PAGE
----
Importantly, neither of the policies outlined above applies to at-home tests, home collection, or testing conducted outside a CLIA-certified high-complexity environment. Thus, test offerings that incorporate “home collection” of specimens are not subject to a grace period during which they may be marketed while an EUA is being prepared or is under FDA review. The phrase “home collection” in this context generally refers to specimens that are self-collected without healthcare practitioner (HCP) supervision, although in some cases it can apply to specimens that are self-collected outside a healthcare setting with HCP supervision via telehealth, meaning that a test incorporating telehealth-proctored specimen collection would not be subject to the 60-day grace period.

Review Priorities: Sets forth FDA’s review priorities for new EUA submissions, which focus on tests with the following characteristics: point of care, at-home testing or specimen collection, high throughput, pooling capabilities, screening indication, ability quickly to scale capacity, or support or submission by a U.S. government stakeholder.

State Authorization: FDA will continue to exercise enforcement discretion with respect to LDTs authorized by states or territories that previously notified FDA that they would take responsibility for review of COVID-19 LDTs, but FDA will not permit additional states to establish their own LDT review and authorization pathway. The list of states and territories that previously notified FDA that they will take responsibility for review of COVID-19 LDTs includes Puerto Rico, Colorado, Connecticut, Maryland, Mississippi, Nevada, New Jersey, New York, and Washington (state).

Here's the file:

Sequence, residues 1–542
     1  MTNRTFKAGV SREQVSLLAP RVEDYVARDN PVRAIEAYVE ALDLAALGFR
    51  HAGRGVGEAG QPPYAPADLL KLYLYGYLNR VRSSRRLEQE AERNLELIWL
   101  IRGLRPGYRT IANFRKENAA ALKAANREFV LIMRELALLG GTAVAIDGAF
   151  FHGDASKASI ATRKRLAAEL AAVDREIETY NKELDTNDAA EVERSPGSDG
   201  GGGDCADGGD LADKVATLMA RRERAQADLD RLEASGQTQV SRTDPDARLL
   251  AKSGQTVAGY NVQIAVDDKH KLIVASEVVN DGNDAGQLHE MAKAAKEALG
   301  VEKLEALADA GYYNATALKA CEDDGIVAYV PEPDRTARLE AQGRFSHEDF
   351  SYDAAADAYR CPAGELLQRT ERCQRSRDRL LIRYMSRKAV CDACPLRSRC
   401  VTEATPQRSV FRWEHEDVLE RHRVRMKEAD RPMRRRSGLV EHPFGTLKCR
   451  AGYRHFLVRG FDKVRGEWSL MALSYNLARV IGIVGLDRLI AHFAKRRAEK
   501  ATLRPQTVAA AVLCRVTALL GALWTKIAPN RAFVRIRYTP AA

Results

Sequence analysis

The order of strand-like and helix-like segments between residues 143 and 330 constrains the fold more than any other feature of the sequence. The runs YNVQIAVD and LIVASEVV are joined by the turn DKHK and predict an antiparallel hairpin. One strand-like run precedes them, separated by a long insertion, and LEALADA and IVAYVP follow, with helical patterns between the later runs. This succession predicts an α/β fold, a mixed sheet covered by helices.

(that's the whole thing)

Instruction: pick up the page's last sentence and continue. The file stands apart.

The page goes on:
Test Modifications: When a CLIA-certified high-complexity lab modifies a test, including when it is not the developer of the original EUA-authorized test, FDA does not intend to object to implementation of such test without notification to FDA or a new or amended EUA, where the lab has validated the modification and confirmed performance is equivalent to the authorized test, and use of the test is limited to the lab in which the modification was made.

Medical Device Reporting (MDR): Developers offering tests prior to authorization are expected to comply with applicable FDA MDR requirements.

Umbrella EUA for Certain PCR LDTs

In addition to the revised COVID-19 Test Policy, FDA issued a new “Umbrella EUA” for certain RT-PCR molecular-based tests intended to detect SARS-CoV-2 from nasal specimens as part of a serial testing program. An LDT that meets the requirements laid out in the Umbrella EUA is deemed to be authorized under the Umbrella EUA and, therefore, does not need a separate EUA.

To fall within the Umbrella EUA, a test must be:

  • a qualitative test for detection of nucleic acid from SARS-CoV-2 in individual or pooled anterior nasal respiratory specimens;
  • intended for use as part of a serial testing program in which asymptomatic or symptomatic individuals are tested at least once per week;
  • designed, manufactured, and used within a single CLIA-certified high-complexity laboratory;
  • for detecting only SARS-CoV-2; and
  • validated in accordance with various appendices to the Umbrella EUA.